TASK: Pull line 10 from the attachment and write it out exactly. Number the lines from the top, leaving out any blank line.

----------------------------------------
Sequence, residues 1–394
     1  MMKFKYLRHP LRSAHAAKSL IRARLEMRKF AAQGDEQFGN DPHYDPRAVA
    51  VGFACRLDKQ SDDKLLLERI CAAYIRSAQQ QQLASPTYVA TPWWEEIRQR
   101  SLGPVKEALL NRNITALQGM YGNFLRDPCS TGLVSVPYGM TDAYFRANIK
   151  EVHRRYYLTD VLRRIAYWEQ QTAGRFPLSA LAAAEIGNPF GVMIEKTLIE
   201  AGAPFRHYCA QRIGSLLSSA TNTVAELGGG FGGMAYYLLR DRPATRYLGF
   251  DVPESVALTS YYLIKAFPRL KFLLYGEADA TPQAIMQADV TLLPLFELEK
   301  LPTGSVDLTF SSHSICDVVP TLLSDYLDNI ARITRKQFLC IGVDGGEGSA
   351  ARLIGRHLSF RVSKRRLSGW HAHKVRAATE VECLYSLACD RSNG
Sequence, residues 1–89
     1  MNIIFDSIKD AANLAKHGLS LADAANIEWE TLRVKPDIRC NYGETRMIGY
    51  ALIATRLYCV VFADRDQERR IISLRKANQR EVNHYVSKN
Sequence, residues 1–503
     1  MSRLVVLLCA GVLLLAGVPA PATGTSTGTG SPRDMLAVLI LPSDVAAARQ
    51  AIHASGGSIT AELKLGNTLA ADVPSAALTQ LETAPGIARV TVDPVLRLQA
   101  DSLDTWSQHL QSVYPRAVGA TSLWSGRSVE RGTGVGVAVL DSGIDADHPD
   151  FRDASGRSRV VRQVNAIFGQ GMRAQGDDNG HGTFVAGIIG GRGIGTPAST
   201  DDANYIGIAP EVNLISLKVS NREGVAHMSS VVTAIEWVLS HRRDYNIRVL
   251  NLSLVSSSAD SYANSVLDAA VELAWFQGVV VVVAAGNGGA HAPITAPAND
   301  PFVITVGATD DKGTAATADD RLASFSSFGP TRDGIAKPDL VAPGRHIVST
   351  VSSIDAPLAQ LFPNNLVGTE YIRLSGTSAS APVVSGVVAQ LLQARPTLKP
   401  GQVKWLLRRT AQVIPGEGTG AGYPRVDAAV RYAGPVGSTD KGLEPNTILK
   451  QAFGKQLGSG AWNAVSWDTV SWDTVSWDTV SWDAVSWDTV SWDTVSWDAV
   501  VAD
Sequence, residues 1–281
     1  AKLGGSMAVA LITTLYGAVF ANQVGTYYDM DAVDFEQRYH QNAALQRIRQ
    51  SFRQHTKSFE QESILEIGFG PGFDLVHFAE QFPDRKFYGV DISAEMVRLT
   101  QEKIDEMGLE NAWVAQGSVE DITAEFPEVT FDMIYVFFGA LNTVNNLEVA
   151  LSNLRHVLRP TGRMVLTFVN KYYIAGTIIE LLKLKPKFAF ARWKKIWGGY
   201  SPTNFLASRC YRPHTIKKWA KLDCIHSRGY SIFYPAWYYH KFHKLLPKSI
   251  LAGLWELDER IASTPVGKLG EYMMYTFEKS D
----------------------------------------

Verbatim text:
Sequence, residues 1–89